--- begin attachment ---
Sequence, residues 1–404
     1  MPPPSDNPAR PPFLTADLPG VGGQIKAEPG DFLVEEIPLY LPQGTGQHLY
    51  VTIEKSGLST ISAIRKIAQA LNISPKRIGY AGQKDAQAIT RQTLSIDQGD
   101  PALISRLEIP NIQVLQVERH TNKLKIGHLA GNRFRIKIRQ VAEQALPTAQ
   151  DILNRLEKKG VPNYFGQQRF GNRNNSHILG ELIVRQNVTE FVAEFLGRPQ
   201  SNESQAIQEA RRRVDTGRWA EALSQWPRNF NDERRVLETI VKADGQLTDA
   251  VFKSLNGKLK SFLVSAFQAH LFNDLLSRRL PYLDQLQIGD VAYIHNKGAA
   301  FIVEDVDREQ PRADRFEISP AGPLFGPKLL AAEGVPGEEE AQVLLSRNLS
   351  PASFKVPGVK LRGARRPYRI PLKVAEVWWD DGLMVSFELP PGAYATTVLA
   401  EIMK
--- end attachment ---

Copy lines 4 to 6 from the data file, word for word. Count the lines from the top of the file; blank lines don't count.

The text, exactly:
   101  PALISRLEIP NIQVLQVERH TNKLKIGHLA GNRFRIKIRQ VAEQALPTAQ
   151  DILNRLEKKG VPNYFGQQRF GNRNNSHILG ELIVRQNVTE FVAEFLGRPQ
   201  SNESQAIQEA RRRVDTGRWA EALSQWPRNF NDERRVLETI VKADGQLTDA